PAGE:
God expresses Himself abundantly in multiplicity which is given independent being (relatively speaking) in the duality of matter where it becomes self-conscious at which point it must work its way back to the source which it rejoins in full awareness of what it is and what that is. Thus the whole field of becoming is one of dynamic growth. All phenomenal reality exists as a theatre in time and space in which consciousness expresses itself and evolves, evolves meaning here something that unfolds and gains knowledge of its inner potential. The image of seed and tree is a good one. The tree is already contained in the seed and just needs to come out. Evolution, in the sense I am using the word, is the actualising of a potential which is always there. 

The hierarchical order of the universe is reflected in the human being who is a microcosm. Therefore the idea of levels of being all originating from and pervaded by spirit applies here too. The divine spark in man which is the centre of his being is also the point from which all other aspects of his nature derive. Thus although, in one sense, spirit transcends the subtle (formless), mental, psychic and physical levels, in another these are just forms and limitations spirit takes as it expresses itself in duality, duality, of course, being an essential condition for this expression to take place. Both these ways of looking at the picture are equally true, and it is equally necessary to take both into account for a complete understanding.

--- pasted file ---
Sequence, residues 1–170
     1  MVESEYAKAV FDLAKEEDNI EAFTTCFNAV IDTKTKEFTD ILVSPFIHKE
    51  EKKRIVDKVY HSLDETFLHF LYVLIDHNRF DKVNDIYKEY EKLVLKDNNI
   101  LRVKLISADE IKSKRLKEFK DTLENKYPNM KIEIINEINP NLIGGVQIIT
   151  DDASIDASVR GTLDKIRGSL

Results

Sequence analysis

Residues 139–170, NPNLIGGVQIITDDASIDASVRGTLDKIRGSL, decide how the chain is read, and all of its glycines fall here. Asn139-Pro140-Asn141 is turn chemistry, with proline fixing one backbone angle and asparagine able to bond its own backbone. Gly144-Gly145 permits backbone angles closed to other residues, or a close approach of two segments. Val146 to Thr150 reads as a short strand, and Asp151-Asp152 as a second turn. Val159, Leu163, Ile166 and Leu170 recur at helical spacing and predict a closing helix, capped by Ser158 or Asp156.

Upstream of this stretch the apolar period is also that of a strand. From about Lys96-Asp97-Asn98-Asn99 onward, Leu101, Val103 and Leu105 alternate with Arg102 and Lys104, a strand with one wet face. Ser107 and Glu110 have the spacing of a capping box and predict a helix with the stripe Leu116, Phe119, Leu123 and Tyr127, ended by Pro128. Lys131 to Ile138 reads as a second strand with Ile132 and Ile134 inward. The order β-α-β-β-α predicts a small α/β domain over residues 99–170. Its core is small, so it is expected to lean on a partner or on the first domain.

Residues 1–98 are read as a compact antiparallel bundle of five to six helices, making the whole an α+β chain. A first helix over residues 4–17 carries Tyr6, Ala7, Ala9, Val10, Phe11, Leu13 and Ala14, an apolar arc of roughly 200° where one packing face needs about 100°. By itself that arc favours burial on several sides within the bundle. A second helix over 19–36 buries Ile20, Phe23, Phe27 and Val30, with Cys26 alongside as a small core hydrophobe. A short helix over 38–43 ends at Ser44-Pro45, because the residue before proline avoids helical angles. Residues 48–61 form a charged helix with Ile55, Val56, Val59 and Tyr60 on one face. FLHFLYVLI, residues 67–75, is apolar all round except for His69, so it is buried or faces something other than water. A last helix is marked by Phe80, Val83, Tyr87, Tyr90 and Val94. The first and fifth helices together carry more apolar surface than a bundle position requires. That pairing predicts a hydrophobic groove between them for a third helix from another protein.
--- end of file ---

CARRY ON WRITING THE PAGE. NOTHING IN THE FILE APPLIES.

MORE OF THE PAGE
It is customary nowadays to dismiss the unique significance of the human being. I think that is doing ourselves an injustice. We represent that aspect of divine consciousness which takes up the central position in the cosmic hierarchy because we combine the highest and lowest within ourselves. We are, as the medieval philosophers used to say, part angel and part animal. Now, we cannot fulfill our role as a communication channel between pure spirit and gross matter, and thereby establish a proper harmony in the world, if we do not allow ourselves to be fully open to our spiritual source. It is the angel that must dominate the animal not the other way round. If we deny the angel and enclose ourselves in the lower levels of our being, the physical, emotional and mental levels, if we identify exclusively with any or all of these and give priority to modes of being that belong to those levels, then we are not only betraying our birthright and restricting our growth, we are also failing in our duty to our creator and our role as mediators between Heaven and Earth. This leaves Earth without guidance which means it will fall into a disharmonious state. It is plain that this is precisely what has happened.